It’s a very narrow path for a prosecutor to get before the Illinois Supreme Court on a sentencing issue, and so we had those preliminary discussions. So I think my comments immediately after the sentencing hearing are accurate. I still feel that way. This petition to the Supreme Court is not so much about the duration of the sentence or the length of the sentence as much as it is about making sure that we have handled this case from the beginning and to its conclusion — whatever its conclusion is going to be — thoroughly and fairly and accurately. And this is our attempt to make sure that we’ve fulfilled that responsibility.
What would a fair sentence look like?
White: If the Supreme Court decides Judge Vincent Gaughan made a legal error in the way he came to Jason Van Dyke’s sentence, what could a sentence based on the aggravated battery charges — and we should say (he) was found guilty of 16 separate counts of aggravated battery with a firearm along with being found guilty of second degree murder — how would a sentence look different if he were sentenced on those 16 counts?
McMahon: Well it may not look that different if the Supreme Court sends it back for a new sentencing hearing. The issue is whether those sentences on the 16 counts will run consecutive to each other, meaning one after another. And each count is punishable by that sentencing range of between 6 and 30 years on each count. If all 16 counts are ordered to be consecutive, that would be a 96-year minimum sentence. Now the judge will have to make specific findings about severe bodily injury as to each count. We talked about that a little bit at the original sentencing hearing.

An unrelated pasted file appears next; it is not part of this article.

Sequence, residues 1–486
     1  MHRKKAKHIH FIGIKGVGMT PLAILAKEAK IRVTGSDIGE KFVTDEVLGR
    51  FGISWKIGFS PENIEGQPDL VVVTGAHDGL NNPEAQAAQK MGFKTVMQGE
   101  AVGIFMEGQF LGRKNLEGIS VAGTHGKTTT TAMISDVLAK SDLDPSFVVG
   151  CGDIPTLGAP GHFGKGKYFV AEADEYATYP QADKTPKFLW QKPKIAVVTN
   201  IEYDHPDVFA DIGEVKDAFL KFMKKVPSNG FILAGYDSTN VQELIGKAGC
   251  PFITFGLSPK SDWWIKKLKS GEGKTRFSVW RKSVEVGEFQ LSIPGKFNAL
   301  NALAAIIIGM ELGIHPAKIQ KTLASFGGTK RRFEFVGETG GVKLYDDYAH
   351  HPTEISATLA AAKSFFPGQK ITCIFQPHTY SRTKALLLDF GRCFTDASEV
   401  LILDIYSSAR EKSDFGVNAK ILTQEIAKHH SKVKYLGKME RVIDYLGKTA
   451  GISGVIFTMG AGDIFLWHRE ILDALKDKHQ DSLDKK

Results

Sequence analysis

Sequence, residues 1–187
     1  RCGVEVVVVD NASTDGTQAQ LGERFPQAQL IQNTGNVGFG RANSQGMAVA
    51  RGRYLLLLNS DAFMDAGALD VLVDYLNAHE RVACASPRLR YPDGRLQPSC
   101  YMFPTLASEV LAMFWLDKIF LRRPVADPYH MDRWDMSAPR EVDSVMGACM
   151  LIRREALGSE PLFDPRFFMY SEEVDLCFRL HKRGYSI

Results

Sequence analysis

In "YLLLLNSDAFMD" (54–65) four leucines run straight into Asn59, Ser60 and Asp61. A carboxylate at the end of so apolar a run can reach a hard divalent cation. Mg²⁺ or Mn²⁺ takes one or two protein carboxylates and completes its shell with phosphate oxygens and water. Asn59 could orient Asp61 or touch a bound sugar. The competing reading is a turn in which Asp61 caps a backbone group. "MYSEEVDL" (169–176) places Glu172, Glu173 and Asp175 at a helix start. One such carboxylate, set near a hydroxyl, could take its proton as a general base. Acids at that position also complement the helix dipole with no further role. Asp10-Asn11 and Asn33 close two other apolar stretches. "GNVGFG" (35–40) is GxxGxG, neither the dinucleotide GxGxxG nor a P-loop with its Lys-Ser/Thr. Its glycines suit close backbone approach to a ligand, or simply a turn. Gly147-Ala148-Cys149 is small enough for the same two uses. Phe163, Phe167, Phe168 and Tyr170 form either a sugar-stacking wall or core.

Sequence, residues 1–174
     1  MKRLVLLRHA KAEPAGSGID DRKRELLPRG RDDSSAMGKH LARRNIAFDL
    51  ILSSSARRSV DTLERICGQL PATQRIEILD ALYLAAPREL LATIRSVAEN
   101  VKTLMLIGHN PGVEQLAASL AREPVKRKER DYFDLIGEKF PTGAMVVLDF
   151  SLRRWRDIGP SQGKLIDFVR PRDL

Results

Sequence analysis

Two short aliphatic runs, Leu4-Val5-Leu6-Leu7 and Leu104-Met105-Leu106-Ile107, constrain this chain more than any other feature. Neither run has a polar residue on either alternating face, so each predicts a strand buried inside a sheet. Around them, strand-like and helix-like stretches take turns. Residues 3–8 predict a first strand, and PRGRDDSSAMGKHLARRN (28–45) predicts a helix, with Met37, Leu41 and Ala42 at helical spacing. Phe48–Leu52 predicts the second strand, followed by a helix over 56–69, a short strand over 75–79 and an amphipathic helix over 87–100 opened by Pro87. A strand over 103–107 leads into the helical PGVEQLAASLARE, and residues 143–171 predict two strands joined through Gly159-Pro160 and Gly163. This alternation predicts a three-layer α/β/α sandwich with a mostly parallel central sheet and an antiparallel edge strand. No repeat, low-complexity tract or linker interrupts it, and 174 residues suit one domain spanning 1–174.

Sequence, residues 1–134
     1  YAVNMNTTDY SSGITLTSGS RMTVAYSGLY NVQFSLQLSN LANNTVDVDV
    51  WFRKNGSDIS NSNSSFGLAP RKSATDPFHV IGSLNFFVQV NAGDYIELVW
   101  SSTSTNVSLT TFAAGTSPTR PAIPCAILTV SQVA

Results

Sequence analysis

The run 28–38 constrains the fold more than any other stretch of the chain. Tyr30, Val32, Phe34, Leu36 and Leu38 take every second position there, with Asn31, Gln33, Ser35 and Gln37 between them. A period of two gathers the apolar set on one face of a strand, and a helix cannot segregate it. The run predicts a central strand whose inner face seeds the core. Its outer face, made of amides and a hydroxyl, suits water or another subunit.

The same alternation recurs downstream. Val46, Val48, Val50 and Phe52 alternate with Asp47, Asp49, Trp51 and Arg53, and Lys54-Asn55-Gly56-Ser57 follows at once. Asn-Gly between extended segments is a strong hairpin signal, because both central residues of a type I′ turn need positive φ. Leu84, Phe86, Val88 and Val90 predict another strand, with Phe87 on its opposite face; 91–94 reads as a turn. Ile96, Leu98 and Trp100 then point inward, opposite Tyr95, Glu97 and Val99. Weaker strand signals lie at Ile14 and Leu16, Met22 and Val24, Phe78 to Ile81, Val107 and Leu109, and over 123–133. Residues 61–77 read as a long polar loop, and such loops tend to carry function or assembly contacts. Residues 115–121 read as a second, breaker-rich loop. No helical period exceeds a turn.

We’re asking the Supreme Court to order the judge to make a finding on all 16 counts. If he finds that it’s all one act, the minimum would be 6 years, the maximum would be 30 years. If they’re individual counts and (sic) the judge finds that they must run consecutively, it would be six plus six on each count that he finds severe bodily harm.